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Mattson Technology (NASDAQ:MTSN)

Q3 2013 Earnings Call

October 22, 2013 5:00 pm ET

Executives

J. Michael Dodson - Chief Financial Officer, Chief Operating Officer, Executive Vice President and Secretary

Fusen Ernie Chen - Chief Executive Officer, President and Director

Analysts

Y. Edwin Mok - Needham & Company, LLC, Research Division

Christian D. Schwab - Craig-Hallum Capital Group LLC, Research Division

David Duley

Orin Hirschman

Steven Tomingas

Benedict Pang - Northland Capital Markets, Research Division

Operator

Good day, ladies and gentlemen, and welcome to your Mattson Third Quarter Financial Results Conference Call. [Operator Instructions] On today's call are Fusen Chen, Mattson Technology's President and Chief Executive Officer; and Mike Dodson, the company's Chief Operating Officer and Chief Financial Officer. I'd now like to turn the call over to Mr. Dodson. Please begin.

J. Michael Dodson

Good afternoon and thank you for joining us today to discuss Mattson Technology's financial results for the third quarter of 2013. Fusen will give you an overview of the business, then I will provide the detailed financial results and last, Fusen will close with our business outlook and guidance for the fourth quarter of 2013.

Before going into the specifics of the call, I'd like to remind everyone that information provided in today's conference call contains forward-looking statements regarding the company's future prospects, including, but not limited to, anticipated market position, compliance with line of credit covenants, cash balances, revenue, margins, operating expenses, earnings per share, tax provisions and fully diluted shares outstanding for future periods. Forward-looking statements address matters that are subject to a number of risks and uncertainties that can cause actual results to differ materially. Such risks and uncertainties include, but are not limited to, those described in today's news release and in the company's Forms 10-K, 10-Q and other filings with the SEC. The company assumes no obligation to update the information provided in this conference call.

And now, let me turn the call over to Fusen Chen. Fusen?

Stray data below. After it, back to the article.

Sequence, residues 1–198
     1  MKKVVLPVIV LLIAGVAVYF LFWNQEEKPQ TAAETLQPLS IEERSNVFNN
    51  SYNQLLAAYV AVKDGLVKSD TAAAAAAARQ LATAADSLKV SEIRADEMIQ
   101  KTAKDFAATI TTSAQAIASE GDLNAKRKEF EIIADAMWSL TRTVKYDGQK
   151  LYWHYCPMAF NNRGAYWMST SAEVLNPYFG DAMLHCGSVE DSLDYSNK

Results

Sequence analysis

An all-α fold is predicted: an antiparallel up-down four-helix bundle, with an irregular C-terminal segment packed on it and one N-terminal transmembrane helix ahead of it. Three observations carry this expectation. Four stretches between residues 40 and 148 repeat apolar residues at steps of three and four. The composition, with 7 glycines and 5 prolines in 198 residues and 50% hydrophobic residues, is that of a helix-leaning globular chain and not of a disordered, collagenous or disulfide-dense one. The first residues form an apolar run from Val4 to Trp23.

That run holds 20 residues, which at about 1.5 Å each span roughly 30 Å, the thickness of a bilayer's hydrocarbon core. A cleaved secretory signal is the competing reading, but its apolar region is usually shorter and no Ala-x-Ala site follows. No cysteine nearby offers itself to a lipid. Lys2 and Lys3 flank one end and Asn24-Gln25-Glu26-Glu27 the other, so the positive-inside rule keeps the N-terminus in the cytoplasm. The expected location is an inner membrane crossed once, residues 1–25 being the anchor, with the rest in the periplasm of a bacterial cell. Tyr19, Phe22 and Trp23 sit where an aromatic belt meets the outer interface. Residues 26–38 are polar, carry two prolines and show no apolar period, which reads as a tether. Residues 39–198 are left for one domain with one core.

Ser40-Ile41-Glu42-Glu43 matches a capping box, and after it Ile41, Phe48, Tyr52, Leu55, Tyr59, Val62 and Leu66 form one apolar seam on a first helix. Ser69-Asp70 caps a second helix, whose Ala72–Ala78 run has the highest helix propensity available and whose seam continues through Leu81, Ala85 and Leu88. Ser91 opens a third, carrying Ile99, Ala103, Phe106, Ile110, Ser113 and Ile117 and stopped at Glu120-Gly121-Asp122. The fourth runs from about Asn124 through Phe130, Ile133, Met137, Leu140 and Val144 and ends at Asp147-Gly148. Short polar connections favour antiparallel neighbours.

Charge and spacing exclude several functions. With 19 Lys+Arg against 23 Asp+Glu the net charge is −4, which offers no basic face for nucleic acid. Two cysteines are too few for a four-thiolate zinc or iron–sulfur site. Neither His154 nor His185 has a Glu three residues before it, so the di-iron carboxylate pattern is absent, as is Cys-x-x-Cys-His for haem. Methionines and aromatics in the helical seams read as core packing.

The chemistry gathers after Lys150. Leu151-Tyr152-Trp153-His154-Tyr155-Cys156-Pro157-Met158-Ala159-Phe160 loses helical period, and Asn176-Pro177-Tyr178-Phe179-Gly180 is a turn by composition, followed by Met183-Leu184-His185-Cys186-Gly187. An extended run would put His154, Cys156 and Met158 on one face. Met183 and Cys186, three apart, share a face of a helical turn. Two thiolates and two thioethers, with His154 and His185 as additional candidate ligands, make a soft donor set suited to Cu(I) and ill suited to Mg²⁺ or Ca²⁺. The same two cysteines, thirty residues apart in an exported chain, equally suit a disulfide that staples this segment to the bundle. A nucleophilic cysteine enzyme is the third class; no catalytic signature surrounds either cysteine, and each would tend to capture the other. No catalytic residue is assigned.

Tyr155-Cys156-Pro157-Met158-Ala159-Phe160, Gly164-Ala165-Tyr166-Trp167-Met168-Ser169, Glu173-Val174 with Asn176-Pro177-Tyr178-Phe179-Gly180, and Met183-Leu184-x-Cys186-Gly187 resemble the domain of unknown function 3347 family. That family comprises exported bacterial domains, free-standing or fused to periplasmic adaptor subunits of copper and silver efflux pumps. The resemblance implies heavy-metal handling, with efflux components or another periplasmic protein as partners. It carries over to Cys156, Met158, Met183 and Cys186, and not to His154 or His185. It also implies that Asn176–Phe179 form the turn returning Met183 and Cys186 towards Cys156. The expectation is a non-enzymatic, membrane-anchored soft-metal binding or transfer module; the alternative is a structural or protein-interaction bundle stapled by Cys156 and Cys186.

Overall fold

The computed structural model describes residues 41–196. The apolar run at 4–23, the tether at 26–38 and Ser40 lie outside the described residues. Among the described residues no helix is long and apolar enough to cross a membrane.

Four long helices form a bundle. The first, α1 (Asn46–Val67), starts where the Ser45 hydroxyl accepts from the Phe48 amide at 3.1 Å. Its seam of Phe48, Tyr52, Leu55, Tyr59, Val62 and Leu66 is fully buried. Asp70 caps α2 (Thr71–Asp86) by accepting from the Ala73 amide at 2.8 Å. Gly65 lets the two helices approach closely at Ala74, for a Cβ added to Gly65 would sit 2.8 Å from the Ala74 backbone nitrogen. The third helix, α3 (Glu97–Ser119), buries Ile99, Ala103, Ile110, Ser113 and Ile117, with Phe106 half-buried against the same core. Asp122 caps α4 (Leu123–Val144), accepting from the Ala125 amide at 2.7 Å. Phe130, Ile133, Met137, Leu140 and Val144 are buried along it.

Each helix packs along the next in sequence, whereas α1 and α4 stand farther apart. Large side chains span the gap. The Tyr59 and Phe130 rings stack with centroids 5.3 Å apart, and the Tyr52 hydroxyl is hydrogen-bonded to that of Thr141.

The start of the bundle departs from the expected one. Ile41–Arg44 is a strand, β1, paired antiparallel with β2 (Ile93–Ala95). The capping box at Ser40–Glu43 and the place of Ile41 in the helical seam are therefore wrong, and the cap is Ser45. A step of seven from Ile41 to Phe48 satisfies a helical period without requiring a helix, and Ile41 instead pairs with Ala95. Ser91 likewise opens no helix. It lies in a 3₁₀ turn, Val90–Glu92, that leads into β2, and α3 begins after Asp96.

Fusen Ernie Chen

Thank you, Mike, and welcome to Mattson Technology's Third Quarter 2013 Earning Call. I'm very pleased to begin our earning call with the results for the third quarter of 2013. After much hard work, Mattson's financial results exceeded our guidance ranges with net sales of $33.8 million and the most importantly, a net profit of $0.01 per share, excluding restructuring charges.

I would like to thank all of Mattson's employees and the management for their focus and the dedication that has led the company back to profitability. I will also like to thank all of the companies that work with Mattson, our customers and the suppliers. This milestone marks a turning point for Mattson and set the stage for us to continue our growth and provide value to our shareholders.

Over the past 3 quarters, Mattson has settled into an operational model that is controlling expenses while at the same time, supporting our customers and growing revenue. We feel that we are much closer today than at the beginning of the year to achieving an optimal level of operational efficiency. We are setting up all of our operations to be efficient, agile and responsive, and then we'll continue to invest in our growth. This means we are taking care to remain focused on investing in the areas needed to support our growing business. One example is upgrading our premium facility to consolidate RTP manufacturing with the strip and the Etch manufacturing, gaining the cost saving of improved operational efficiency. And at the same time, we remain focused on the needs of our customers and in the first quarter of Fremont based RTP manufacturing, we shipped the highest number of Helios XPs within a quarter in the company's history.